Newspapers around the world have fired Prince Philip, and the queen’s husband is remembered for his loyalty, sense of duty, and occasional politically incorrect comments.
The British press has led the way with a variety of banner covers in Saturday’s editions and there is no shortage of accompanying memorabilia excerpts.
“Goodbye, my beloved,” says the Daily mail on its cover, reporting on the queen’s “heartbreaking tribute” to her late husband. It features a 144-page newspaper with a “magical keepsake” magazine to commemorate the Duke of Edinburgh’s passing at the age of 99.
The Mirror takes a similar approach with its headline “Goodbye, my beloved” along with a photograph of the royal couple and a preview of their tribute retreat.
The Guardian The cover is dominated by a black and white portrait and the headline “Prince Philip 1921-2021”, as reported by royal correspondent Caroline Davies on the avalanche of tributes to the duke.
The Telegraph It also has a banner across the front, with commentary inside from Camilla Tominey, Allison Pearson, Charles Moore, and Gyles Brandreth.
“We all cry with you, ma’am,” says the Sun, on the front of a wraparound cover reserved for very important stories. It has a special 24-page tribute that includes an extension on the legendary escape of young Philip from Corfu in a fruit box. “A baby in an orange box” reads the headline.
The Times It also has a wraparound front with a picture of Philip in military garb and on the back of the cover has a quote from him when he was 90 years old describing his role as consort: “It was trial and error. There was no precedent. If I asked someone ‘What do you expect me to do?’ they all looked blank. They had no idea. Nobody had much idea. “
The late prince had a well known affection for his school days at Gordonstoun in Scotland and the regional newspaper, the Aberdeen Press and newspaper, It has the headline “Goodbye to the real ‘rock’.”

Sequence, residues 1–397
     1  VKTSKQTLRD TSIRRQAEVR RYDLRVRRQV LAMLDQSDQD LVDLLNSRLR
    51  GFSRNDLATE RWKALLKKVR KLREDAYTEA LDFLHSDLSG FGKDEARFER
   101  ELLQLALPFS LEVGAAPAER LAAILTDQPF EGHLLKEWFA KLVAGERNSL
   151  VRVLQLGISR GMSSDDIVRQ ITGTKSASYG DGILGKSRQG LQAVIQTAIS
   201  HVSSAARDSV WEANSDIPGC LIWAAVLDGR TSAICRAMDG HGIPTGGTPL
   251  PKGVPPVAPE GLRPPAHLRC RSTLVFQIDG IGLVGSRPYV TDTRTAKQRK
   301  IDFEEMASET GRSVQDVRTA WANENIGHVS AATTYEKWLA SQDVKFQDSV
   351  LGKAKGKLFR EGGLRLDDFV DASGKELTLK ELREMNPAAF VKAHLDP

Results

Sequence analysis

The Daily entry He says “My strength, my pain.”
The FOOT has a picture of the prince on its cover and pokes fun at a piece inside by historian Simon Schama, while the I It says “A Life of Duty” alongside a photograph of the prince removing a bowler hat at his last official individual engagement in 2017.
Australian newspapers have also given the story many inches of column coverage, noting that Philip visited the country more than 20 times.
“A loyal prince and devoted to his queen, dead at 99,” says the Australian.
“The ‘strength’ of the queen: Felipe dies at 99”, says the Sydney Morning Herald, while the Melbourne Age It goes with “Death of a Prince” along with a photograph of the “towering figure”.
In the Western Australia, the coverage resembles the British press, as the newspaper features a 16-page tribute and a front page that reads “A Life of Service.”
The Times of India It has a small image on its front and its history Focus about the prince’s three trips to India and his controversial shooting of a tiger many decades ago.
As any avid viewer of The Crown will know, Philip had family connections to Germany, and his best-selling newspaper, picture, splash to your death.
“Er war ihr King” reads the headline, which roughly translates to “He was their king.”
In France, Launch It does not top the story, but it has the image of the bowler hat and a headline that says “La dernière sortie du prince consort” or “The last departure of the prince.”
In Spain The world It says “The politically incorrect loyal consort”, or “The politically incorrect loyal consort”.
USA Today has the story on the cover of its website, but your preferred angle is whether or not Harry and Meghan will attend the funeral.
George is Digismak’s reported cum editor with 13 years of experience in Journalism